Traffic passes the flagship store of Lord & Taylor in New York on Thursday, June 22, 2006. Federated Department Stores Inc. is close to signing a deal to sell its Lord & Taylor chain to private-equity player Apollo Real Estate Advisors and shopping center developer NRDC Real Estate Advisors LLC for approximately $1.2 billion. (AP Photo/Mark Lennihan)

Lord & Taylor, seeking to “reimagine” its business model to reverse its languid performance, has hired Vanessa LeFebvre as its new president.

LeFebvre joins Lord & Taylor from Stitch Fix, where she was focused on data science and personalization and was vice president over women’s. Before that, she was at Macy’s, where she was instrumental in launching the Backstage off-price concept.

LeFebvre started her career at Lord & Taylor in 1999 in the executive training program and eventually rose to divisional merchandise manager. She went on to hold senior roles at T.J. Maxx, as a divisional merchandise manager, and Daffy’s, which she was chief merchant and helped wind down the off-price chain.

Vanessa LeFebvre 

“Vanessa is a change agent with a track record of conceptualizing and building new lines of business. This, combined with her strong experience leading digitally focused strategies and understanding of department store retailing, makes her the right person to lead Lord & Taylor into the future,” said Helena Foulkes, chief executive officer of HBC, which operates Lord & Taylor, Hudson’s Bay, Saks Fifth Avenue, Saks Off 5th, Galeria Kaufhof and Gilt.

Foulkes added, “My focus across all our banners is to put the customer first in everything we do, Vanessa understands how to take insights and data and drive successful customer focused strategies.” She also called LeFebvre a “team builder and very transparent leader.”

There has been recent speculation about Lord & Taylor’s future, from a possible sale of the business to a slow wind-down.

“Clearly we are not happy with the performance with Lord & Taylor, but that being said, we all see a tremendous amount of opportunity,” said Foulkes. “The idea is to evolve Lord & Taylor for the future, that is what I was looking for in choosing the leadership. Lord and Taylor has some amazing locations, small enough to be nimble and try new things. That is the spirit of Lord & Taylor.”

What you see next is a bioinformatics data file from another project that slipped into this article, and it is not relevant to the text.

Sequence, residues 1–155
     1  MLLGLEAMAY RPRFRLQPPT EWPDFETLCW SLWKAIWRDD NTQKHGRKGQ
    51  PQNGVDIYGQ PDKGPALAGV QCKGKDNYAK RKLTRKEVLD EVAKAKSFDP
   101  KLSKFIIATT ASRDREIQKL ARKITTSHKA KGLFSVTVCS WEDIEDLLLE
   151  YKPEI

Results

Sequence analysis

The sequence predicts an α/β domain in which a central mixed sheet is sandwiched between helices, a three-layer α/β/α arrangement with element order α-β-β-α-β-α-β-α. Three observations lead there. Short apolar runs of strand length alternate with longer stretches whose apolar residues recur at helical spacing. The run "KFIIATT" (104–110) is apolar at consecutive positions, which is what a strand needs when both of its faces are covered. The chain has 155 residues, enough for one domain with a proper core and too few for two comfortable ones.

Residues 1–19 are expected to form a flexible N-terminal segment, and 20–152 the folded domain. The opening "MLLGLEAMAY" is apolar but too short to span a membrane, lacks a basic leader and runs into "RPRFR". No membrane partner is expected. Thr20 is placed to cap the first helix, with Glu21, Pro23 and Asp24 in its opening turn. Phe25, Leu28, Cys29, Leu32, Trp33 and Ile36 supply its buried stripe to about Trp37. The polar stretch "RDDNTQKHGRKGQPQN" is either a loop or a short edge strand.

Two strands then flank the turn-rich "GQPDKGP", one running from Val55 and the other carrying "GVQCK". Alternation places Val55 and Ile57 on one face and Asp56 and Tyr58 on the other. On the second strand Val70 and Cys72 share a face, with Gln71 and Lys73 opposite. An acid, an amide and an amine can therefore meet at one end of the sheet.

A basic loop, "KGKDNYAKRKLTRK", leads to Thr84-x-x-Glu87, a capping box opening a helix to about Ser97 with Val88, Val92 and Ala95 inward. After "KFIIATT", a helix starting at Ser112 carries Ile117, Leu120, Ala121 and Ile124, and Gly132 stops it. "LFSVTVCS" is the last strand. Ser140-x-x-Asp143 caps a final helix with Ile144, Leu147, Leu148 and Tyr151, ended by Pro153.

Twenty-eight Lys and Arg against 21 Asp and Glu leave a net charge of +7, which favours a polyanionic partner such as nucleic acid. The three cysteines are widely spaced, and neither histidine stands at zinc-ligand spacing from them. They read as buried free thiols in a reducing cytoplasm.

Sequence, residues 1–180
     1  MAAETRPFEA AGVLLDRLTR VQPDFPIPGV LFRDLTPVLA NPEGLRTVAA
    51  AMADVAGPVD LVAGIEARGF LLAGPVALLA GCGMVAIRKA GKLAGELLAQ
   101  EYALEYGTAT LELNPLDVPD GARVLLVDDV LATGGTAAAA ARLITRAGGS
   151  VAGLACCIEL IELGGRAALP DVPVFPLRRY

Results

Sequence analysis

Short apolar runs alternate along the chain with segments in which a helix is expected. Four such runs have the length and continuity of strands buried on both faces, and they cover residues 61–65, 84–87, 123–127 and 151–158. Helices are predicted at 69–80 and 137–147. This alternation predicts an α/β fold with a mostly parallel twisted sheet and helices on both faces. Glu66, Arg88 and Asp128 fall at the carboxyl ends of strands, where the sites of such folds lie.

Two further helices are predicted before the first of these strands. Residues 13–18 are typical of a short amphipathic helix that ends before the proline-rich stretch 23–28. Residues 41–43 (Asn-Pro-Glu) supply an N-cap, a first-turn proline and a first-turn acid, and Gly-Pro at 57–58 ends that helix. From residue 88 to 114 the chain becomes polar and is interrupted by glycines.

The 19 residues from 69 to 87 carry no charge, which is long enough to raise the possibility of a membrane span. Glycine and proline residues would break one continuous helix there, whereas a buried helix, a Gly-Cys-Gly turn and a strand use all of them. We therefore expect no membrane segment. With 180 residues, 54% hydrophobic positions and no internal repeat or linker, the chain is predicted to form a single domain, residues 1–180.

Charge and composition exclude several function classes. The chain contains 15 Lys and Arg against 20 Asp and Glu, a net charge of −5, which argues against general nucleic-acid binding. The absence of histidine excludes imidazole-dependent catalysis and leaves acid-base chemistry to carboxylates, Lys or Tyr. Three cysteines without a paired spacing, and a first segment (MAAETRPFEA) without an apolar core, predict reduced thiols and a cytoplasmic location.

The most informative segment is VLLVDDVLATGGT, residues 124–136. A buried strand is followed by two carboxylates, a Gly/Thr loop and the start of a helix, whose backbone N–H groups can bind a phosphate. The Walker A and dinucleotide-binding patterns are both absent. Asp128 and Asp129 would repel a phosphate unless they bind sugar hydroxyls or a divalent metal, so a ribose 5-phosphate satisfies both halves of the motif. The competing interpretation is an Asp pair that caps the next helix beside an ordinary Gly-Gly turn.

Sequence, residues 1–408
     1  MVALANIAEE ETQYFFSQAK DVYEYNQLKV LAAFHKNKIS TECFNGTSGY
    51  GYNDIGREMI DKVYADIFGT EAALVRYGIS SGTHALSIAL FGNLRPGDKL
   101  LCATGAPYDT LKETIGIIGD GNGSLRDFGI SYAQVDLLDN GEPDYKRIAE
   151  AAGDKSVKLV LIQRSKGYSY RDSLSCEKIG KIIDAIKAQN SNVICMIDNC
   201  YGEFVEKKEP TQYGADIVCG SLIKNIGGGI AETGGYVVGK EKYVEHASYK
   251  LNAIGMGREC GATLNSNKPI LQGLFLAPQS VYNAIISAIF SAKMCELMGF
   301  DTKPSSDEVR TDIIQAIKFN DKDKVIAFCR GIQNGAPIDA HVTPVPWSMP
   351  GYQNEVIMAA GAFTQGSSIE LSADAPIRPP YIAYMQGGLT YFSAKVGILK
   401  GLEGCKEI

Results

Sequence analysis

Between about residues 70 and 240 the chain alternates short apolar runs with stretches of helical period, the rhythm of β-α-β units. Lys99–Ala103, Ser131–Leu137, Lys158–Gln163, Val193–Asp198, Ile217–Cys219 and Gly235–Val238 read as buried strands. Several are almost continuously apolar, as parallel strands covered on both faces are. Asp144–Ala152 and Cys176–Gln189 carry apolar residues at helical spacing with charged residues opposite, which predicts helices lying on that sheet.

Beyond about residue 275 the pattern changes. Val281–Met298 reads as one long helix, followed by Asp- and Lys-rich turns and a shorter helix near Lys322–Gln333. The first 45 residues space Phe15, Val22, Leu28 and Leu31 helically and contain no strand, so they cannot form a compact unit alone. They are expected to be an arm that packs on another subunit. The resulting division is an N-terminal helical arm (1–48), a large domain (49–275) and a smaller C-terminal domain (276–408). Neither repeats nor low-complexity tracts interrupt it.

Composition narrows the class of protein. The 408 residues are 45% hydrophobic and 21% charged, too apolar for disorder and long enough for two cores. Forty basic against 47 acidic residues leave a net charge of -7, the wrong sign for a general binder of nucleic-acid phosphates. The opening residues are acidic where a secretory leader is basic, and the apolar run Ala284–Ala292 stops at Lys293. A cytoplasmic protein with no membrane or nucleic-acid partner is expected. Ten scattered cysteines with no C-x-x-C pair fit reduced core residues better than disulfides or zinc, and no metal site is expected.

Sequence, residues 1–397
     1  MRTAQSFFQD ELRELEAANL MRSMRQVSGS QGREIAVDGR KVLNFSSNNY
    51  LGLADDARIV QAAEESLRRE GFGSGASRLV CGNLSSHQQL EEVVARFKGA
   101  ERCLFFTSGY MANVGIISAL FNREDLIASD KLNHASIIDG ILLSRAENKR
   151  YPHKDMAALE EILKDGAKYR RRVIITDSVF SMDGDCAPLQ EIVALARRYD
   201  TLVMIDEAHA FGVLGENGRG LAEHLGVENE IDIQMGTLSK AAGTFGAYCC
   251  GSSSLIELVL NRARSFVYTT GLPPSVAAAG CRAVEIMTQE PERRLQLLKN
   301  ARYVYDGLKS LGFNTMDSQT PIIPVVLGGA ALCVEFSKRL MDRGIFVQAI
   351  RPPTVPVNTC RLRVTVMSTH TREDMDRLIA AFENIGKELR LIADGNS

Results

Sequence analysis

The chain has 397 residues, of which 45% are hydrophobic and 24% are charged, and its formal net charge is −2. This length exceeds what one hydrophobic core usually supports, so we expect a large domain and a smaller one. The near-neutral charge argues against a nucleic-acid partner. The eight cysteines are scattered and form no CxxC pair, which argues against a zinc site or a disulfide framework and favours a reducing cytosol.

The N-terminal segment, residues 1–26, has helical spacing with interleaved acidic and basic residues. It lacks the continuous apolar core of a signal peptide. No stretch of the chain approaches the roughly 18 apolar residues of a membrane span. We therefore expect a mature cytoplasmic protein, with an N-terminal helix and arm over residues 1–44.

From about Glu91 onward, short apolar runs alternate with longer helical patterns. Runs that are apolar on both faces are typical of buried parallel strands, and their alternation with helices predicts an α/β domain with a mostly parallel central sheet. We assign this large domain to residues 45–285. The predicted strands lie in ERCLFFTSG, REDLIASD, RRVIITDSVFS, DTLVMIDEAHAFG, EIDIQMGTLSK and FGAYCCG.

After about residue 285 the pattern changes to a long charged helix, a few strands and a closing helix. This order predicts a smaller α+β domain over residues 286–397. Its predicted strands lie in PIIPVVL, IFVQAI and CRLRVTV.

Asked if Lord & Taylor would wind down its operations, Foulkes replied, “Definitely not.”

HBC is soon expected to reveal details of L&T’s partnership with The arrangement is intended to lift L&T’s online business by exposing it to a wider customer base outside its current Northeast regional focus, while elevating the fashion appeal of Walmart.

While that is a growth maneuver, the division said four stores would close over the next year or so, including two that have already closed. In October, HBC disclosed that L&T’s most valuable asset — the Fifth Avenue flagship building — would be sold to WeWork for $850 million. WeWork plans to convert the property to its New York headquarters and use three other HBC locations in Canada and Germany for WeWork facilities. When the WeWork deal was announced, HBC said it would retain 150,000 square feet for a downsized L&T store. However, some sources believe that HBC has decided not to go forward with the store in order to avoid paying rent to WeWork. Asked if L&T is abandoning Fifth Avenue, an HBC spokesman said the company will discuss plans for the site at a future date. The spokesman also declined comment on speculation that L&T is being put up for sale. It’s regional status, recent tough performance, and sale of the flagship, makes L&T a challenging business to market. LeFebrve left her job as vice president and general merchandise manager at Stitch Fix on Friday to join Lord & Taylor. She succeeds Liz Rodbell, who left L&T at the end of April.

“Lord & Taylor has a long heritage with its consumer. The brand loyalty is notorious in the industry,” said LeFebvre.  “The market is rooting for us, too.”

LeFebvre’s appointment is effective May 22. She will report directly to Foulkes.

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